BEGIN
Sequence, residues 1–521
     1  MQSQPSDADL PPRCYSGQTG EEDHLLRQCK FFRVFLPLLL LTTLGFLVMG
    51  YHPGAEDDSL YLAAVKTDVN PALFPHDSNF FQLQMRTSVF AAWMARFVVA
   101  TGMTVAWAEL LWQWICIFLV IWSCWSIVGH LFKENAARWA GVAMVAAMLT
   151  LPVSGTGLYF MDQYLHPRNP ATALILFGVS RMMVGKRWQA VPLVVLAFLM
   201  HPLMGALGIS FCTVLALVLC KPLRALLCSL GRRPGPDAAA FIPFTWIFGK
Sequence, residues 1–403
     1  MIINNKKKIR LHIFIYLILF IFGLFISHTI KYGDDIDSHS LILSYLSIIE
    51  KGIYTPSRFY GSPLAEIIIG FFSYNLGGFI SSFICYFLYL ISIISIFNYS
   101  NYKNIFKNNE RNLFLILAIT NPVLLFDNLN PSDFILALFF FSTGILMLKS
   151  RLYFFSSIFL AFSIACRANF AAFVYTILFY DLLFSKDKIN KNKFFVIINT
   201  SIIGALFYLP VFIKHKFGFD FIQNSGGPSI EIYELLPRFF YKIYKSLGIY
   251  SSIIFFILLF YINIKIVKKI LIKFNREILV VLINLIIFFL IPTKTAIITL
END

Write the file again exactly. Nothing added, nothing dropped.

Sequence, residues 1–521
     1  MQSQPSDADL PPRCYSGQTG EEDHLLRQCK FFRVFLPLLL LTTLGFLVMG
    51  YHPGAEDDSL YLAAVKTDVN PALFPHDSNF FQLQMRTSVF AAWMARFVVA
   101  TGMTVAWAEL LWQWICIFLV IWSCWSIVGH LFKENAARWA GVAMVAAMLT
   151  LPVSGTGLYF MDQYLHPRNP ATALILFGVS RMMVGKRWQA VPLVVLAFLM
   201  HPLMGALGIS FCTVLALVLC KPLRALLCSL GRRPGPDAAA FIPFTWIFGK
Sequence, residues 1–403
     1  MIINNKKKIR LHIFIYLILF IFGLFISHTI KYGDDIDSHS LILSYLSIIE
    51  KGIYTPSRFY GSPLAEIIIG FFSYNLGGFI SSFICYFLYL ISIISIFNYS
   101  NYKNIFKNNE RNLFLILAIT NPVLLFDNLN PSDFILALFF FSTGILMLKS
   151  RLYFFSSIFL AFSIACRANF AAFVYTILFY DLLFSKDKIN KNKFFVIINT
   201  SIIGALFYLP VFIKHKFGFD FIQNSGGPSI EIYELLPRFF YKIYKSLGIY
   251  SSIIFFILLF YINIKIVKKI LIKFNREILV VLINLIIFFL IPTKTAIITL